Strong and compassionate Crisis Communication

crisis communication

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In difficult times such as those caused by COVID-19, leaders are faced with having to lead, take difficult decisions and also show empathy for those around them. This episode looks at 5 key principles of crisis leadership and communication.

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Show Notes

(This is a transcript created with an AI and is not 100% complete. If you have any questions, contact us at info@zeitgeistcomms.com. We’re here to help. )

James: 

Welcome to Zeitgeist Leadership Pulse, in this podcast we look at the strategies and the mindset that help leaders drive their businesses forward to succeed in an increasingly complex, uncertain and digital age.

James: 

Hello welcome again to Zeitgeist leadership pulse. Before we begin go ahead and subscribe to the podcast and if you’re happy with what you’ve heard go ahead and give us a five star rating. That will enable us serious things get more content found to be the site itself.

James: 

Today we’re looking at strong compassionate crisis communication.

Jutta go ahead and tell our listeners a little bit more about this.

Jutta: 

Yes so you know I’ve been watching various businesses and organizations and politicians as they’ve adapted to the current crisis many have done incredibly well and have really shown flexibility and moved quickly. I think we also need to recognize that government leaders across the world have promptly stepped in stepped up to the global challenges have done whatever it takes to save lives.

Jutta: 

Equally they are trying to create opportunities to look after people’s livelihoods and it can be really difficult for leaders to be honest.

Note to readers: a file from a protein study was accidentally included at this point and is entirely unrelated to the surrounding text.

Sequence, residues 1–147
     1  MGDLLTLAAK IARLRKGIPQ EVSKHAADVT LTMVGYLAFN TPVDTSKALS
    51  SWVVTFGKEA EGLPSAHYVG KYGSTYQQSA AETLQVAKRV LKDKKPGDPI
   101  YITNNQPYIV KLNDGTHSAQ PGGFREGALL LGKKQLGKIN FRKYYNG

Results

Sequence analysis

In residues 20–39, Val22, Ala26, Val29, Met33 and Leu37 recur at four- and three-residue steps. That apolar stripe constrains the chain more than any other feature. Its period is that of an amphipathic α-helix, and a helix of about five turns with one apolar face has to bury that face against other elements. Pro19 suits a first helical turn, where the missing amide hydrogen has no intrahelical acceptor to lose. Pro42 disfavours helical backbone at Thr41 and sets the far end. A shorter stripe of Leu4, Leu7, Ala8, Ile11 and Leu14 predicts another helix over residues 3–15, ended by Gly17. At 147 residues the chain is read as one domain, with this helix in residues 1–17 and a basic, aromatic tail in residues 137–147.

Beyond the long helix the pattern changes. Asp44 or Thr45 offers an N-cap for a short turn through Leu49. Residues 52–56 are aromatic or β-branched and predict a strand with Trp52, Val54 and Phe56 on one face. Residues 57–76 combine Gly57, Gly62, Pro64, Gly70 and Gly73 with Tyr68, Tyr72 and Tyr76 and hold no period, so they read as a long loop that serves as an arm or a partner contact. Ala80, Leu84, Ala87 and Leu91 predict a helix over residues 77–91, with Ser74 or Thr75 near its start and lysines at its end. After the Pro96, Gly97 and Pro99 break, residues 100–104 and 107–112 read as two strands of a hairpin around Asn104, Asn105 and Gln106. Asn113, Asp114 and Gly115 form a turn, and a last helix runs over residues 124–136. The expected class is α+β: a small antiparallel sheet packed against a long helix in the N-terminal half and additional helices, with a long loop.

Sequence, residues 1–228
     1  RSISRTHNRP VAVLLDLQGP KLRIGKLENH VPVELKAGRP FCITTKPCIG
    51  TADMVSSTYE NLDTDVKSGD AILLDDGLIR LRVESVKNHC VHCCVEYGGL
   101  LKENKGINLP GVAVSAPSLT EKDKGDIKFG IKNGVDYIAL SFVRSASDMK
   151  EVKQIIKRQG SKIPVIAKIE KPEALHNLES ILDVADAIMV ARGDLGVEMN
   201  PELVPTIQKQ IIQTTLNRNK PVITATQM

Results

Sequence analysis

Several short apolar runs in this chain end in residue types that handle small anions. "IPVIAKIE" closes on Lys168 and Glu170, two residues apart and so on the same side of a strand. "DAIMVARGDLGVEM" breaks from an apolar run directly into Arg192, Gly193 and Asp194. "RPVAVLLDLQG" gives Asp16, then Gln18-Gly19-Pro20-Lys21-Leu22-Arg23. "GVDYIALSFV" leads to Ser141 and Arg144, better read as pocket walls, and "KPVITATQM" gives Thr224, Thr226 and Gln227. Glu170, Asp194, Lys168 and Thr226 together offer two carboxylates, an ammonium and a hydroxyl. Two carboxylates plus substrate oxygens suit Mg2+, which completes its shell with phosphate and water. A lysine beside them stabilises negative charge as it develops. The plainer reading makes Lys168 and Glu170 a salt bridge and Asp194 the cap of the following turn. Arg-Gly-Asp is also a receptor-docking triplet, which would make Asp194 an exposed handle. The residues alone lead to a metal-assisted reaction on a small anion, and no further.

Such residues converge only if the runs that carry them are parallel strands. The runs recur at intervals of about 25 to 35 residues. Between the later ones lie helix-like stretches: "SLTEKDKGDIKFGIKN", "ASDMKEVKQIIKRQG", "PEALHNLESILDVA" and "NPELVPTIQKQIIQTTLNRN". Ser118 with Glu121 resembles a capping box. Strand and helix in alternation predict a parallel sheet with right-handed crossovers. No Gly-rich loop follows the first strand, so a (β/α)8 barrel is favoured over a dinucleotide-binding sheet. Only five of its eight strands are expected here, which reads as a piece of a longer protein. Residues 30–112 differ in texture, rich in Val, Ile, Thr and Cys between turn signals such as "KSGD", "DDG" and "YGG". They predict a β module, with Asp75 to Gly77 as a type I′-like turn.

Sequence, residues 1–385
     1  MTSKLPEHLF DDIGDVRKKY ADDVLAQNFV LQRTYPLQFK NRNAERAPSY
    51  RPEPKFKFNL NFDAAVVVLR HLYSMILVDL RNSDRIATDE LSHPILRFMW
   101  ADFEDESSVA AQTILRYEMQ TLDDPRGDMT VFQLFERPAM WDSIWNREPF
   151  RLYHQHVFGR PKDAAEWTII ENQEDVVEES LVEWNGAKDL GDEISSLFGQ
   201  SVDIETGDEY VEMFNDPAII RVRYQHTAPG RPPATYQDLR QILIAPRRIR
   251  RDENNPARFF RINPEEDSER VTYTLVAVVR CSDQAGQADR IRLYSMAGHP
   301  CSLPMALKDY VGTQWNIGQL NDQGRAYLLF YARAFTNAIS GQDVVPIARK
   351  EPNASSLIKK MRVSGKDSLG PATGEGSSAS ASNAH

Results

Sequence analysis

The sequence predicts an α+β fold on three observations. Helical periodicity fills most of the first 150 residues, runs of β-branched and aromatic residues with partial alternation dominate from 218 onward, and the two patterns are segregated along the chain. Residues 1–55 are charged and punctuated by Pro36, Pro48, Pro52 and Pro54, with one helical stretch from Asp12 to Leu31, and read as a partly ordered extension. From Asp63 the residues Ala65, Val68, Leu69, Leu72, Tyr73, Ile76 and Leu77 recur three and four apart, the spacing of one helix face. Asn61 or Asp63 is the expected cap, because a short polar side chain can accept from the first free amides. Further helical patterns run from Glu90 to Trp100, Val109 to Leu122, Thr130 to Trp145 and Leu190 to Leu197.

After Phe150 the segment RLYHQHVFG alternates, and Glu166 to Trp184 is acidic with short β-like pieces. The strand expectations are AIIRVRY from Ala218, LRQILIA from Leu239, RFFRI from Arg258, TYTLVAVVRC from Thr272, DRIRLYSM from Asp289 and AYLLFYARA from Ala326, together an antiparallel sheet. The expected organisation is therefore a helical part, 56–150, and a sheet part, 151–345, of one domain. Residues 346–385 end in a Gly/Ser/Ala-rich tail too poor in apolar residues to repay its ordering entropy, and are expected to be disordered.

James: 

We’re being told about the new realit The trouble is and the tendency is that they’re actually not looking far enough ahead … and the real new reality has probably less to do with our experience of lock down. And more what will happen post lock down with potential job losses and lack of income.

Jutta: 

Yes that’s right and that’s really where this title fits in,  strong and compassionate crisis communication comes in, There will be job losses we know that we’ve already seen some of that happening and businesses will not be able to return to normality as it was back to where they left off this will be the case across many industries but particularly within the travel industry we can see already rolls Royce announced eight thousand job losses Airbus and Boeing slash production and twelve thousand of British Airways staff will likely be cut.

Jutta: 

And yesterday another travel company announced a possible eight thousand job losses going forward so leaders will be called upon to make incredibly difficult decisions and that will take nerves of steal but will also mean that they need to communicate excellently well, with resolve and compassion and that’s where the title for today’s episode when he comes in.

James: 

We already hear about these numbers of job losses and we are right at the beginning and we seen industries impacted by this. We need to look at the hospitality events industry where losses are expected that it seems that we’re headed for new difficult waters not a day goes by without a politician making some announcement using the words recession and things like that so what do you think practically leaders need to do.

…… you yourself have handled various crisis scenarios all the way from child kidnapping,  including mass layoffs all the way to war scenarios.

Tell us a little bit more about what leaders will need as we move forward.

Jutta: 

I think sometimes we think of leadership as a privilege – which it is – but it definitely is a responsibility and some leaders today will be required to balance making difficult decisions and being able to communicate with empathy compassion and clarity so balancing those things can be really difficult.

I remember my time as European marketing and communications director for Flextronics now called flex sitting in an office with one of our corporate bosses who without any other conversation simply said so how many ? as a young manager I didn’t know actually what he was talking about, I was passionate about my job cared about the twenty direct and indirect star who I was looking after and I cared what people thought of me.

So,he really had to spell out what he meant and he asked me how many people I was going to lay off.

It was an incredibly difficult thing to deal with I tried to crunch the numbers and went back to my boss and said look I’ve found a way to keep everyone – and really the answer was ‘that’s just not going to work’ so in the end I had to make difficult decisions and I also had to communicate those.